AI Case Study
Researchers at the University of Bristol detect trends in historical data using AI
Researchers from the University of Bristol, the University of Cardiff, and the website FindMyPast leveraged machine learning to analyse historical archives. The scientists analysed more than 35 million articles in British newspapers dated between 1800 to 1950. By understanding the content of the articles the team was able to identify patterns such as increasing mentions of women in the news in the 20th century, as well as estimate important historical dates with accuracy.
Public And Social Sector
Education And Academia
"In 2016, a team of researchers from the University of Bristol, the University of Cardiff, and the website FindMyPast, led by Nello Cristianini, Professor of Artificial Intelligence at the University of Bristol, used AI to analyze roughly 14% of local British newspapers from 1800 to 1950, covering more than 35 million articles and 28.6 billion words.
The abstract of the paper: "Previous studies have shown that it is possible to detect macroscopic patterns of cultural change over periods of centuries by analyzing large textual time series, specifically digitized books. This method promises to empower scholars with a quantitative and data-driven tool to study culture and society, but its power has been limited by the use of data from books and simple analytics based essentially on word counts. This study addresses these problems by assembling a vast corpus of regional newspapers from the United Kingdom, incorporating very fine-grained geographical and temporal information that is not available for books. The corpus spans 150 years and is formed by millions of articles, representing 14% of all British regional outlets of the period. Simple content analysis of this corpus allowed us to detect specific events, like wars, epidemics, coronations, or conclaves, with high accuracy, whereas the use of more refined techniques from artificial intelligence enabled us to move beyond counting words by detecting references to named entities. These techniques allowed us to observe both a systematic underrepresentation and a steady increase of women in the news during the 20th century and the change of geographic focus for various concepts. We also estimate the dates when electricity overtook steam and trains overtook horses as a means of transportation, both around the year 1900, along with observing other cultural transitions. We believe that these data-driven approaches can complement the traditional method of close reading in detecting trends of continuity and change in historical corpora."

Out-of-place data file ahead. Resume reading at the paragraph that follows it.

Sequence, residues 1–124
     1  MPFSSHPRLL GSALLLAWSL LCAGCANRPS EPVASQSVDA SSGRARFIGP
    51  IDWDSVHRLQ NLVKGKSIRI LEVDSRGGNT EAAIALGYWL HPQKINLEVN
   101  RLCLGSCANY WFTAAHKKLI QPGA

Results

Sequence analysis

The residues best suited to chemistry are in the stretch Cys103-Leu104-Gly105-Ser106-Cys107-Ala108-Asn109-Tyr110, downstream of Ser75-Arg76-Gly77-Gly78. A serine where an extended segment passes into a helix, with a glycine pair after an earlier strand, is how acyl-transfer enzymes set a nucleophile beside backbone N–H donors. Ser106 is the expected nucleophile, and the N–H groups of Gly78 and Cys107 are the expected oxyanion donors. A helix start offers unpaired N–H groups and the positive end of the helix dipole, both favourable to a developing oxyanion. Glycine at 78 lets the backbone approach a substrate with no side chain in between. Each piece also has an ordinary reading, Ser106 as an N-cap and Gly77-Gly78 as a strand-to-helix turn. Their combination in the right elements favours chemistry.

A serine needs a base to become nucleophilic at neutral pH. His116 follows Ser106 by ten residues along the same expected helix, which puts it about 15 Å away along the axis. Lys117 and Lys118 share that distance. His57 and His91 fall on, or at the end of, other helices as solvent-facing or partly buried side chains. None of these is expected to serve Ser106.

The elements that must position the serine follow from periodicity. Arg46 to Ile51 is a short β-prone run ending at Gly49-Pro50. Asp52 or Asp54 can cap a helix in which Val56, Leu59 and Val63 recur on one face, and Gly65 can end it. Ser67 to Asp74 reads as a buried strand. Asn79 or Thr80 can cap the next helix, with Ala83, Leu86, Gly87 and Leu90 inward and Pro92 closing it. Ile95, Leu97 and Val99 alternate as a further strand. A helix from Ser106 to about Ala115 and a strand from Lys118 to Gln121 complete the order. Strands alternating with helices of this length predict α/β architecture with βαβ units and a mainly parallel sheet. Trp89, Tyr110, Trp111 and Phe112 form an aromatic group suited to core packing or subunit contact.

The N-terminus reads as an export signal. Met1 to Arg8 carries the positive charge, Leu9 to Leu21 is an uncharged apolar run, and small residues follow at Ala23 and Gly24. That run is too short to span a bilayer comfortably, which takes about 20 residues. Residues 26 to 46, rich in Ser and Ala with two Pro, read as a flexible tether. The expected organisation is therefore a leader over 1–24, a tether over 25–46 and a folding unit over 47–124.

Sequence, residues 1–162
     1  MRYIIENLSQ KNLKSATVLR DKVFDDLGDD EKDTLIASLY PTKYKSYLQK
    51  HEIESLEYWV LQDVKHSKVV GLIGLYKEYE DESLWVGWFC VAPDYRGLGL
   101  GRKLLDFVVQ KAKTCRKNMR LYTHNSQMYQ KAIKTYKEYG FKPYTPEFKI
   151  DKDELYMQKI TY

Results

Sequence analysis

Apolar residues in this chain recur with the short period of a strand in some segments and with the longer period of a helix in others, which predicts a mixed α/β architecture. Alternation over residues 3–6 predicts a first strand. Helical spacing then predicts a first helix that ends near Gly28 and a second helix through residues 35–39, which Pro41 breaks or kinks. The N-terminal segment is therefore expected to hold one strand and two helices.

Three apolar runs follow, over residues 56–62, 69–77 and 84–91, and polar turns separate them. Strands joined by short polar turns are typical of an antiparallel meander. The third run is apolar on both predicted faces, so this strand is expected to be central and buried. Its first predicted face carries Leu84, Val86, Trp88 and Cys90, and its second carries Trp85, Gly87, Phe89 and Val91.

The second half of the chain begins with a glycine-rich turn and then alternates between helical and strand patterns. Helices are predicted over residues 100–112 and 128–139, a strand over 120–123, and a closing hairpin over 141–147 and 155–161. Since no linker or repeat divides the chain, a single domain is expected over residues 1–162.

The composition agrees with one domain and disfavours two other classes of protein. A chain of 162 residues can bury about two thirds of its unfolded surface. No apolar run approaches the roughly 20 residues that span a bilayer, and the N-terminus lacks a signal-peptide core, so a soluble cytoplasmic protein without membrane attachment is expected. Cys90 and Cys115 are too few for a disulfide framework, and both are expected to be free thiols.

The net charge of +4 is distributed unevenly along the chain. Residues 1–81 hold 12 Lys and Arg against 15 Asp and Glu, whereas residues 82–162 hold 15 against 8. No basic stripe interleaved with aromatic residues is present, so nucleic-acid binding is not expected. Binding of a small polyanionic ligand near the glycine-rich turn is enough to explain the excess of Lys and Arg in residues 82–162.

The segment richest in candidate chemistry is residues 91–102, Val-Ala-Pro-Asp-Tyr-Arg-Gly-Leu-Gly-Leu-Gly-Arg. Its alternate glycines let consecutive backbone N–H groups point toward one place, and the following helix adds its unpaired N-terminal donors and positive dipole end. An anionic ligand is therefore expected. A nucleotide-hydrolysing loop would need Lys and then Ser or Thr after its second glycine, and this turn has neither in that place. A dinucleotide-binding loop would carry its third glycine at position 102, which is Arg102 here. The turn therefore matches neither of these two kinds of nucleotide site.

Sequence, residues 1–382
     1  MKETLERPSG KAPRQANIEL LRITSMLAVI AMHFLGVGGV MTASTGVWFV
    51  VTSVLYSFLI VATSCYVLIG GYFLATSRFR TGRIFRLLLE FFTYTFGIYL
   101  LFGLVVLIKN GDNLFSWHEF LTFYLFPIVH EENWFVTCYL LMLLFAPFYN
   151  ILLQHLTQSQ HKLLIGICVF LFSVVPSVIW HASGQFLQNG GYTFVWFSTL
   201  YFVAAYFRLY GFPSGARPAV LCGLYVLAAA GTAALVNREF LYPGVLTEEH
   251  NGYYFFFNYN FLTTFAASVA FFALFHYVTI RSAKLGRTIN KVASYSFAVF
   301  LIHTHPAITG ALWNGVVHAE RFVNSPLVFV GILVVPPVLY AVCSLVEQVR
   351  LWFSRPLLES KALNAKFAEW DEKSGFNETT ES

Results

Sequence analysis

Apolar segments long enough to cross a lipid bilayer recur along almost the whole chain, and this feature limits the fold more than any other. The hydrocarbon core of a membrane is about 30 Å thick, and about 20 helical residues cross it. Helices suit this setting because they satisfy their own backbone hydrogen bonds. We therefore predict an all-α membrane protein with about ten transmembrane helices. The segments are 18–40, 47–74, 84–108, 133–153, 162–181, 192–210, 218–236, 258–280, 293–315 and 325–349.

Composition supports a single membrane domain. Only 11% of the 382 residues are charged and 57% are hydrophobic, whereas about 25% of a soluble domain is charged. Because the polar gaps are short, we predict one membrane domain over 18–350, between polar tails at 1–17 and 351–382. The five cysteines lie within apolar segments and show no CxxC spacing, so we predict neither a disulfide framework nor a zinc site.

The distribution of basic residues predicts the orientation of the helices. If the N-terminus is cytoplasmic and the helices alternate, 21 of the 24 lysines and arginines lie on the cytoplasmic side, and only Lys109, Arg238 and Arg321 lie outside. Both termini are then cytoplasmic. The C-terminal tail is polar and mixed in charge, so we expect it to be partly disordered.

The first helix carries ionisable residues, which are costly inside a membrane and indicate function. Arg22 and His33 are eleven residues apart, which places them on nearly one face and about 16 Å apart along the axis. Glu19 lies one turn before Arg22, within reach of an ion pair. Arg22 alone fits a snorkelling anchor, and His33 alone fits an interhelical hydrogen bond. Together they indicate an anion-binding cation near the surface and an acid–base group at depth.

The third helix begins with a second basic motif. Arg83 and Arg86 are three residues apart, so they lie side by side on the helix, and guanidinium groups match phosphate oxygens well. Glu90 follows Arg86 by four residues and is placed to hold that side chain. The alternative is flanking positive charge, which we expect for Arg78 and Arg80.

This study detected trends in the historical record as reflected in newspaper archives, including shifts in gender bias, technology uptake, broad political awareness and accurate dates for specific events. This allows for a quantitative description of forces previously described from manual surveys.
Historians are finding that the practical applications of deep learning can help them work with large amounts of information much easier.
More than 35 million articles from British newspapers from 1800 to 1950.